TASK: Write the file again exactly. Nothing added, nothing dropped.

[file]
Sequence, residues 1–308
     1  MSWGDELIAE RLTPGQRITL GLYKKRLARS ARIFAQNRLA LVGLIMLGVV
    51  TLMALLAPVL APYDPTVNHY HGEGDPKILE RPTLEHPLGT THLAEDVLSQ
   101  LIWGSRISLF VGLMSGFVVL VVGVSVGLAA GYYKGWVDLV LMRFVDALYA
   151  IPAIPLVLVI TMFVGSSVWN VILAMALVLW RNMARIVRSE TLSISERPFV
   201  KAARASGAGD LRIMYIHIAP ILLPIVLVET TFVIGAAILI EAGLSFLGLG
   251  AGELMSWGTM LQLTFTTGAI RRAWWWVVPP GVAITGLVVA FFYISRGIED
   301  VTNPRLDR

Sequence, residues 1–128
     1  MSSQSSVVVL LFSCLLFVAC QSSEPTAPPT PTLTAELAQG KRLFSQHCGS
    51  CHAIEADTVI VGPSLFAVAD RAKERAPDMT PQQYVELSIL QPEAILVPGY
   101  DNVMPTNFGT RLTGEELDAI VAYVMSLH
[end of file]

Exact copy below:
Sequence, residues 1–308
     1  MSWGDELIAE RLTPGQRITL GLYKKRLARS ARIFAQNRLA LVGLIMLGVV
    51  TLMALLAPVL APYDPTVNHY HGEGDPKILE RPTLEHPLGT THLAEDVLSQ
   101  LIWGSRISLF VGLMSGFVVL VVGVSVGLAA GYYKGWVDLV LMRFVDALYA
   151  IPAIPLVLVI TMFVGSSVWN VILAMALVLW RNMARIVRSE TLSISERPFV
   201  KAARASGAGD LRIMYIHIAP ILLPIVLVET TFVIGAAILI EAGLSFLGLG
   251  AGELMSWGTM LQLTFTTGAI RRAWWWVVPP GVAITGLVVA FFYISRGIED
   301  VTNPRLDR

Sequence, residues 1–128
     1  MSSQSSVVVL LFSCLLFVAC QSSEPTAPPT PTLTAELAQG KRLFSQHCGS
    51  CHAIEADTVI VGPSLFAVAD RAKERAPDMT PQQYVELSIL QPEAILVPGY
   101  DNVMPTNFGT RLTGEELDAI VAYVMSLH